During 2021, average river flow to the Bay measured 54.8 billion gallons per day, a 4.5 billion gallon per day increase from 2020, and a 9% increase from the 1985-2021 mean. The corresponding pollutant loads entering the Bay in 2021 were approximately 286 million pounds of nitrogen, 19.9 million pounds of phosphorus, and 17.7 billion pounds of sediment. While all of these are below the 1985-2021 mean, they are increases from 2020 (up 16%, 38%, and 19% respectively), and thus represent a decline from this indicator’s targets.
Nutrient and sediment loads delivered from the watershed into the Bay are one of many factors that influence water quality and are influenced by land use, land management, and river flow. Generally, when the watershed receives more rain and river flows increase, the water carries more sediment and nutrient pollution than usual, as shown by the high flows and pollutant loads to the Bay in 2018 and 2019.
The source of the information of loads and river flow to the Bay includes the loads from the nine River Input Monitoring (RIM) stations in nine major rivers entering the Bay, point source discharges into tidal waters, and an estimate of nonpoint source below the RIM stations from the Chesapeake Bay Program’s Watershed Model, CAST-2019.
Nutrient and Sediment Pollution Trends for the Nine Major Rivers Entering the Bay: Mixed
The nutrient and sediment load trends of the nine major rivers entering the Bay are updated every year based on data from the corresponding nine RIM stations. Together, these stations reflect the nutrient and sediment loads delivered to the Bay from 78 percent of its watershed.
In July 2021, the USGS released its analysis of the long-term (1985 to 2021) and 10-year (2012 to 2021) trends in nutrient and sediment loads at nine RIM stations. These nutrient and sediment load trends are summarized in the table below. The trend qualifiers “improving,” “degrading,” and “no trend” are based on Chesapeake Bay restoration goals for water quality attainment (i.e., reduction of nutrients and sediments) in the Bay. “No trend” indicates that an “improving” or “degrading” trend is about as likely to exist as it is not, based on the trend estimation approach.
Pollution Loads by Monitoring Station
In summary, over the long term, trends in nitrogen have improved at six stations including the four largest rivers (Susquehanna, Potomac, James, and Rappahannock), along with the Patuxent and Mattaponi, degraded at two stations (Choptank and Appomattox) and showed no discernable trend at one station (Pamunkey). Phosphorus loads showed long-term improvements at three stations (Patuxent, Potomac, and James), degrading conditions at four stations (Choptank, Rappahannock, Pamunkey, and Appomattox), and no discernable trend at two stations (Susquehanna and Mattaponi). Sediment loads improved at three stations and (Choptank, Patuxent, and Potomac), degraded at four stations (Susquehanna, Rappahannock, Pamunkey, and Appomattox), and showed no discernable trend at two stations (James and Mattaponi).
Trends in Nutrient and Sediment Pollution Loads in the Watershed: Mixed
Ten-year trends in nutrient and sediment loads are published for the nontidal network stations biennially. According to the latest assessment, nitrogen load trends were analyzed for 89 nontidal network sites, while suspended sediment and phosphorus are analyzed at 70 stations. For nitrogen, results between 2011-2020 showed 38% of the 89 sites had improving trends but 42% had degrading trends and the remainder had no trend. For phosphorus, 44% of the sites had improving trends, 23% had degrading trends, and the remainder had no trend. For suspended sediment, 19% of stations had improving trends, 46% had degrading trends, and the remainder had no trend. These results are used to assess the water quality response to nutrient and sediment restoration efforts and target where future restoration can be most effective. Additional information can be found here.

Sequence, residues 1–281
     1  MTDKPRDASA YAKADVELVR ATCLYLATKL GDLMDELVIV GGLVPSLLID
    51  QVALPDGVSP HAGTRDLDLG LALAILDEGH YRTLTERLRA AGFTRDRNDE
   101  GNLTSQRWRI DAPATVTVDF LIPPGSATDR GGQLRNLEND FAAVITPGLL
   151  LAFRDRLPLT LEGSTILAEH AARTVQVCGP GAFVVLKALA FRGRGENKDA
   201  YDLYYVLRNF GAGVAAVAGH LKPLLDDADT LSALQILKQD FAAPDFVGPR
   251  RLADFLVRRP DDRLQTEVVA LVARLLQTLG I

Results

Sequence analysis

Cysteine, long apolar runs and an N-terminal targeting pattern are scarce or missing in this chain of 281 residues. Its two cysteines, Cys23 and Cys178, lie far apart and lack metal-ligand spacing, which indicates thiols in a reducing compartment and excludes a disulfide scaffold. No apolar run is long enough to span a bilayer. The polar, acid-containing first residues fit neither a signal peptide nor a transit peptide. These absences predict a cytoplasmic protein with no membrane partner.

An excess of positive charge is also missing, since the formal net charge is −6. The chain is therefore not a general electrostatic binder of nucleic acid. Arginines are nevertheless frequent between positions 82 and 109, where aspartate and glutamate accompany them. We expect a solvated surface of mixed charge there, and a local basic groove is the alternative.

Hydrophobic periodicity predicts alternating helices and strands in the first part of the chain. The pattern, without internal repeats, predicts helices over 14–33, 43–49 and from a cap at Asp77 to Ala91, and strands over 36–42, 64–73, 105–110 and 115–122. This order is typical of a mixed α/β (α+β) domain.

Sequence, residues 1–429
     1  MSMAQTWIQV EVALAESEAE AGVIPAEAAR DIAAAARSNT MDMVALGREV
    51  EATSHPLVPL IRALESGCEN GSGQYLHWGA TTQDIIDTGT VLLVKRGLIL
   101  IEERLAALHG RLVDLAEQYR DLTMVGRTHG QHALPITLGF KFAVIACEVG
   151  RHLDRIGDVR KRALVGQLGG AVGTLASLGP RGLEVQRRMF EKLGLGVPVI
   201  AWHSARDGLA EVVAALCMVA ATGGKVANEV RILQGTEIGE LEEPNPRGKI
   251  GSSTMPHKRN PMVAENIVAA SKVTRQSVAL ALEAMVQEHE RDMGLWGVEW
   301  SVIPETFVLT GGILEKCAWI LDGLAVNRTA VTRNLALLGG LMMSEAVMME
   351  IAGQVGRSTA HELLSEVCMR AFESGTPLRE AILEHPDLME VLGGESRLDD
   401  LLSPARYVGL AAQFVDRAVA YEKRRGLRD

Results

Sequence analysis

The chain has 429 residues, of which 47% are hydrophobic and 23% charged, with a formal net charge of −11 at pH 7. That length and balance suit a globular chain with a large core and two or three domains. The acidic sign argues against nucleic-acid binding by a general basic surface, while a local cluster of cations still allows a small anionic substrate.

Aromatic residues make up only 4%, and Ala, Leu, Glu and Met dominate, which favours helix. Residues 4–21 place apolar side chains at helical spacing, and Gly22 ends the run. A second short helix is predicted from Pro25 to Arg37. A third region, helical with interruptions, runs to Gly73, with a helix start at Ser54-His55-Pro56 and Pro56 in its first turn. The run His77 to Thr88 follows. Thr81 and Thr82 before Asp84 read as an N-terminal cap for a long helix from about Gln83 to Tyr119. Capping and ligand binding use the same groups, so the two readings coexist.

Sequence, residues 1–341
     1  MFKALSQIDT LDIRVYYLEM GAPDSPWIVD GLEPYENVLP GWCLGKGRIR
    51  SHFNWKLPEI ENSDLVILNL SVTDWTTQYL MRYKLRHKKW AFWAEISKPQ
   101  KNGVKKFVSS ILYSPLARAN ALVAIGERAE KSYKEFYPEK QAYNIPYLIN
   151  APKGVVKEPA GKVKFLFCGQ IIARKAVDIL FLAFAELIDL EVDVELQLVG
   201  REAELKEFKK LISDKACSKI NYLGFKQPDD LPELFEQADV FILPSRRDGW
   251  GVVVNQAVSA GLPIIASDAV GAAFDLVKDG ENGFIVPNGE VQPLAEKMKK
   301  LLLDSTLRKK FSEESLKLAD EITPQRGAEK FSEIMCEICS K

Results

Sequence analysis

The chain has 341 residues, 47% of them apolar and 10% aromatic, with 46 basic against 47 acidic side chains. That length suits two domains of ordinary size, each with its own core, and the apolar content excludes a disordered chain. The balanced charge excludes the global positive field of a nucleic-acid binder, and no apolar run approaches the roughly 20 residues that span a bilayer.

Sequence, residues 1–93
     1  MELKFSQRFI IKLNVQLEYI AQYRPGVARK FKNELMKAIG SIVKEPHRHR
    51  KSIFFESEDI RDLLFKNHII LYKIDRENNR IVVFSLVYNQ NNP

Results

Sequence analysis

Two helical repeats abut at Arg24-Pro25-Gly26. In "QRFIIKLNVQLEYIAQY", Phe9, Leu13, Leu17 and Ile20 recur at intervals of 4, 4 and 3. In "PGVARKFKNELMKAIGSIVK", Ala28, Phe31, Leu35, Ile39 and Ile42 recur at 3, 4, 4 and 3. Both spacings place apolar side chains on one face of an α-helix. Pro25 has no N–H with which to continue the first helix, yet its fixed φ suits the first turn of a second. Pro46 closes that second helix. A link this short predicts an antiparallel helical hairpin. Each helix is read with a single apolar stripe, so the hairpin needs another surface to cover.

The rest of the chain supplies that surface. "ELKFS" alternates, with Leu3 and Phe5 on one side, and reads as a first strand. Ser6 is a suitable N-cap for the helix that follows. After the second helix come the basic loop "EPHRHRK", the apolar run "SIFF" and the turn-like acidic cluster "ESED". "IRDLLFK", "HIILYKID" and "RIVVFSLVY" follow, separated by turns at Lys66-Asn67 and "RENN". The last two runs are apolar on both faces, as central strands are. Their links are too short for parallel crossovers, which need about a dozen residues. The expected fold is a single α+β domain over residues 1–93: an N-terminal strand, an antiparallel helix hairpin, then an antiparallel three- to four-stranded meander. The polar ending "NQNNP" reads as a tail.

Chesapeake Bay Total Maximum Daily Load Indicator: Improvement
The TMDL indicator combines monitored and modeled data to estimate the progress of nitrogen and phosphorus annual loading rate reductions (millions of pounds per year) in response to implemented management practices. The indicator addresses the following questions:
- What reductions have been observed in the monitoring data?
- What reductions are expected from past management actions but have not been observed due known lags in implementation action and environmental response?
- What reductions are needed from planned future management actions?
- What reductions are expected but not yet observed in monitoring?
To provide quantitative answers to these questions, this indicator leverages modeling data from the Chesapeake Assessment Scenario Tool (CAST) along with monitoring data, including river discharge and water quality measurements, wastewater loads and atmospheric deposition (only nitrogen) to tidal waters. CAST integrates knowledge of land use, nutrient inputs and watershed processes to estimate load reductions in response to implemented management practices. However, the expected reductions often differ from the reductions observed in the rivers due to factors including uncertainty in CAST, uncertainty in monitored trends, natural lags between implementation of management practices and eventual achievement of water quality improvements, as well as the impacts of climate change and infill of Conowingo Reservoir. By quantifying the effects of some of these factors – lag times, climate change and infill of Conowingo Reservoir – this indicator can help bridge the gap between the monitored reduction and model-estimated reduction.